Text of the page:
November 18, 2019

Academic research on the best digital tools for monitoring southern African parliaments shows Uganda tweets live from parliamentary session, while Kenya has Mzalendo, a top website similar to the UK’s TheyWorkForYou.com. The study argues that digital tools such as these must be developed to ensure that citizens are able to follow the debates taking place in their respective official parliamentary chambers.

Our Parliament is based very firmly on the Westminster model, an enduring reminder of our colonial past. But as no effort has so far been taken to replace it, we might as well make use of its hundreds more years of experience than we have had and, at least sometimes, take heed of it when we should.

I talk, of course, about the UK House of Commons’ investigation into allegations of bullying in the House of Commons.

The controversial Critical Infrastructure Protection Bill was adopted by the Portfolio Committee on Police last week, despite a protracted public consultation process which had civil society denouncing the Bill as the apartheid-era National Key Point Act of 1980 masquerading under a new name.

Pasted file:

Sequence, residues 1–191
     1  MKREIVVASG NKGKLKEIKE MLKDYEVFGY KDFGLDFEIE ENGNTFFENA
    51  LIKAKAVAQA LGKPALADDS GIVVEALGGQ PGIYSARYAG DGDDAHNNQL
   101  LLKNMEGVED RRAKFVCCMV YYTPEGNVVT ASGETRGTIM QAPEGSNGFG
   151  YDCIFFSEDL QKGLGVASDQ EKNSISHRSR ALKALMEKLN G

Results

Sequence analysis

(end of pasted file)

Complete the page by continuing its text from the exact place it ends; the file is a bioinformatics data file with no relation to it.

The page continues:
South Africa’s determined ongoing efforts to cut its ties with the International Criminal Court of Justice (ICC) in the Hague re-surfaced at the tail end of a meeting of the Committee of Justice and Correctional Services in parliament.

Since 1979 about 700 million people have been lifted out of poverty in the People’s Republic of China, more recently at a rate of more 130 million people every year since 2013.

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Notes from the House is an independent online publication that tracks and monitors Parliament’s role in fulfilling its constitutional responsibilities to improve the lives of South African citizens. Published by Moira Levy with the support of the Claude Leon Foundation.

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